So first things first: Clear out the fridge. Empty the freezer. Put bright lights (or even full-spectrum lights) in the kitchen, so that it’s possible to see clearly (and lift the cook’s mood at the same time). Give away old, oversized appliances. Scrub down the oven.

Next, stock the kitchen with essential items. The Grub Pantry sidebar (at the end of this article) offers some suggestions, but individuals can add their own specials, so that everything they need is at hand for a smart snack or a quick-and-healthy meal.

Step Six: Become a Grub Ambassador
Yes, we vote our values with our forks, but what if our forks don’t have much to choose from? That’s when a little citizen muscle can go a long way. If the local grocery store or café doesn’t carry organic or fair-trade products, individuals can talk with the manager to effect change. The impact of a single voice can be surprising. If there’s not a farmers’ market nearby, reach out to the local agriculture commissioner or elected officials about starting one. If the food fare at the local school is undesirable, join the district’s Wellness Council and visit LunchLessons.org to get inspired ideas for transforming school food.

Individuals can also maximize their time by linking up with national networks, like the Organic Consumers Association and the National Campaign for Sustainable Agriculture, to ensure their voices are heard all the way at the top of the political food chain.

Step Seven: Host a Grub Party
Share the spirit of good food. When I was working  with Bryant Terry, the chef who created the recipes in our book Grub: Ideas for an Urban Organic Kitchen, we started hosting free-form celebrations based on a few common traditions.

We invite an eclectic group of people who don’t know each other. Everyone is asked to bring a gift that reflects something essential about them. Guests have offered everything from an a cappella song (by a friend who had that very day quit her job to embark on a singing career) to a recently published book (by a writer who helped chronicle the diverse reactions of New Yorkers to 9/11). As the evening begins, we take turns picking names from a basket and offering our gifts, explaining their significance. We give thanks to everyone who has brought food and brought us together. As we eat, we share where the food came from, helping our guests learn about the connection between our food and the world around us.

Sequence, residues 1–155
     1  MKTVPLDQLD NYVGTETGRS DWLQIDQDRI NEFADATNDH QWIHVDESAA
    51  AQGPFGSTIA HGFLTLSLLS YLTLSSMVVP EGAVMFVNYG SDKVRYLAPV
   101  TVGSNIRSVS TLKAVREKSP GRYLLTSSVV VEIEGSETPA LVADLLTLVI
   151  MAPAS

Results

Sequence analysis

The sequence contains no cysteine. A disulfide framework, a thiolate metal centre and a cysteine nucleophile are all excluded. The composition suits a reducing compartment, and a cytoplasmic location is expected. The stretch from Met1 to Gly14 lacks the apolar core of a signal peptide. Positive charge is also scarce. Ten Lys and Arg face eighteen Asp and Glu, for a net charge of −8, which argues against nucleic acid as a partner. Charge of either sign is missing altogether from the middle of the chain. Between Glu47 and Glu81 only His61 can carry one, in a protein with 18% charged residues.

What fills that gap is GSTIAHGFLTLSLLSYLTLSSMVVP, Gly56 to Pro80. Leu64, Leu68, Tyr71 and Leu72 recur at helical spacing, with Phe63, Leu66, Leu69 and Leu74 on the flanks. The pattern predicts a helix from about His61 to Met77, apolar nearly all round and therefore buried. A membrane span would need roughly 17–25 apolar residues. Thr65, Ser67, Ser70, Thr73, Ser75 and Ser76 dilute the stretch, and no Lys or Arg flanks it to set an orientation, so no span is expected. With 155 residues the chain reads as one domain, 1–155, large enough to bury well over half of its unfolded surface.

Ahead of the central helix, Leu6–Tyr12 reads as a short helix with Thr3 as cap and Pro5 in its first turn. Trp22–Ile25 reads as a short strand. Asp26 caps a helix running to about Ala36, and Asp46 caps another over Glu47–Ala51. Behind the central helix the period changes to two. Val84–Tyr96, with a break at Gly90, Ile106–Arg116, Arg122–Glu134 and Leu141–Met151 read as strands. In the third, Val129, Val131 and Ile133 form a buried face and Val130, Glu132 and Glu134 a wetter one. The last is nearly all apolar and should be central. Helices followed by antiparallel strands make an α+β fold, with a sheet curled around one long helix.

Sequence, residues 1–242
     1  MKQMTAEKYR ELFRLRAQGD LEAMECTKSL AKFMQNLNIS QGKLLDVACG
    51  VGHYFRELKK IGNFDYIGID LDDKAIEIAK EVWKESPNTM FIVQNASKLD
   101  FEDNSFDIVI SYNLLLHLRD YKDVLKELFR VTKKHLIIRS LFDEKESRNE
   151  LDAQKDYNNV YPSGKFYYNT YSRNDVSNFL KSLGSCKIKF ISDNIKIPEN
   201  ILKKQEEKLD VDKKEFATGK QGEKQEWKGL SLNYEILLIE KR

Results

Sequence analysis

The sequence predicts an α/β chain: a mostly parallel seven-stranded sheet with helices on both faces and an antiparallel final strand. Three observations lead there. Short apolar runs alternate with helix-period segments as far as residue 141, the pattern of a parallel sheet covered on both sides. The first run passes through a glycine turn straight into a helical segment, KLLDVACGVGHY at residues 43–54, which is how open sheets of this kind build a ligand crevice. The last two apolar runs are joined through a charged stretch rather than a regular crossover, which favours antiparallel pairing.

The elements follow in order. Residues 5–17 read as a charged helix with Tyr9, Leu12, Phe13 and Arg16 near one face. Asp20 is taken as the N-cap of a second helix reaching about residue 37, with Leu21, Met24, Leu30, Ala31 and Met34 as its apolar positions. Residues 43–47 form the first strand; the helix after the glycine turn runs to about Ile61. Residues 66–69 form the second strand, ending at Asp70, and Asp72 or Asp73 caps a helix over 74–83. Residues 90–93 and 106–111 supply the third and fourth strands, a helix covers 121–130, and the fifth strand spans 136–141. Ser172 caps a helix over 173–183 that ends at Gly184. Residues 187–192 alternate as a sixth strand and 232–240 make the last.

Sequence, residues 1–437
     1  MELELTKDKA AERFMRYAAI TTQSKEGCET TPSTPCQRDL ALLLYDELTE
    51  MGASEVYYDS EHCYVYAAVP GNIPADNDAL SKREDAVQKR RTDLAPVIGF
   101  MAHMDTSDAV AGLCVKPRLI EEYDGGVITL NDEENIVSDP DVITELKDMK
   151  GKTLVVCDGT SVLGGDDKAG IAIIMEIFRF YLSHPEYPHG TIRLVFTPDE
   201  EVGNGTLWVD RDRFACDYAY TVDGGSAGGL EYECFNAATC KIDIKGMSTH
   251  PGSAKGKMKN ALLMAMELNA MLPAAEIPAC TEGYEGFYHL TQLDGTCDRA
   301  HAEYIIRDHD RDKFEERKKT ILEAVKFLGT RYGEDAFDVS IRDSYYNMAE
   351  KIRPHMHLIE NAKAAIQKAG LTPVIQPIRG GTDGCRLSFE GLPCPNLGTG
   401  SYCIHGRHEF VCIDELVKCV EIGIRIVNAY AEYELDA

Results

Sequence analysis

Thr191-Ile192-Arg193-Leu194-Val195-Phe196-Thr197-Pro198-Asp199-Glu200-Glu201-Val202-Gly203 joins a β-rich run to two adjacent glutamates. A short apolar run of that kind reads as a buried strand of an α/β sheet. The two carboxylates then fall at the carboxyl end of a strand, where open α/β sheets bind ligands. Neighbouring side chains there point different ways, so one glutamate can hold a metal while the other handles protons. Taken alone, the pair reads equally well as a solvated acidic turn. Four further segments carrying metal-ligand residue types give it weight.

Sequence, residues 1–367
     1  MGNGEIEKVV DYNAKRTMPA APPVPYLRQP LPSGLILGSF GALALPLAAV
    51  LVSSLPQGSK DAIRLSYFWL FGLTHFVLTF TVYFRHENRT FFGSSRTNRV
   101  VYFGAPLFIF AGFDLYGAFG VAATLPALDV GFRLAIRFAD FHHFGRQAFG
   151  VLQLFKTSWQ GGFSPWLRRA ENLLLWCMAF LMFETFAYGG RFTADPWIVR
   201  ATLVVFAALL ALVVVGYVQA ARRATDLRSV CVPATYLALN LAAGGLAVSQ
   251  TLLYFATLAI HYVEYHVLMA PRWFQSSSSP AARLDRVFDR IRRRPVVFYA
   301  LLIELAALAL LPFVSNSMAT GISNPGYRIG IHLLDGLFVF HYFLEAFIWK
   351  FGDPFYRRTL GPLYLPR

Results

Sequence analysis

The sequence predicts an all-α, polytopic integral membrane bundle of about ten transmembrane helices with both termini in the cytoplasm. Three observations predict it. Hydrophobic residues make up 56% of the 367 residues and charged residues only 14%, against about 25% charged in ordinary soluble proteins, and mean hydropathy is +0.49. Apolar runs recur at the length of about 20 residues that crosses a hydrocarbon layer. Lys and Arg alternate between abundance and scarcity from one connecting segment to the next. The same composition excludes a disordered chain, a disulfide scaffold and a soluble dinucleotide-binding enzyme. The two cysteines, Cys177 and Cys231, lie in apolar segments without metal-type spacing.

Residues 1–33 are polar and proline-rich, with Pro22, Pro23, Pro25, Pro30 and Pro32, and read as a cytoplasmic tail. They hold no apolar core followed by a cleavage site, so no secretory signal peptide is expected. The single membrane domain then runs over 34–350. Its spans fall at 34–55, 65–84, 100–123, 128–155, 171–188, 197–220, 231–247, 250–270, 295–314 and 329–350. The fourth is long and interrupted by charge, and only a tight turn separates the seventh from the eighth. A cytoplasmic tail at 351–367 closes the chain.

To learn more, visit www.EatGrub.org and www.EarthDinner.org.

We like to begin our dinners with gratitude, so I’ll offer this blessing:
A Grub Blessing
We give thanks to all who contributed to our meal, from seed to table.
To Mother Earth who bore the seeds and the sun,
rain and soil that allowed our food to grow,
To the farmers and farmworkers
who planted and harvested,
To the workers who transported and shipped,
To the cooks who envisioned, prepared
and lovingly cooked.
We give thanks.
Enjoy the grub . . . and save me a seat at the table!

Anna Lappé is the coauthor of Grub: Ideas for an Urban Organic Kitchen (Tarcher/Penguin 2006), with menus by Bryant Terry and a foreword by Eric Schlosser (EatGrub.org). She is also coauthor, with her mother, Frances Moore Lappé, of Hope’s Edge.

Source:
by Anna Lappé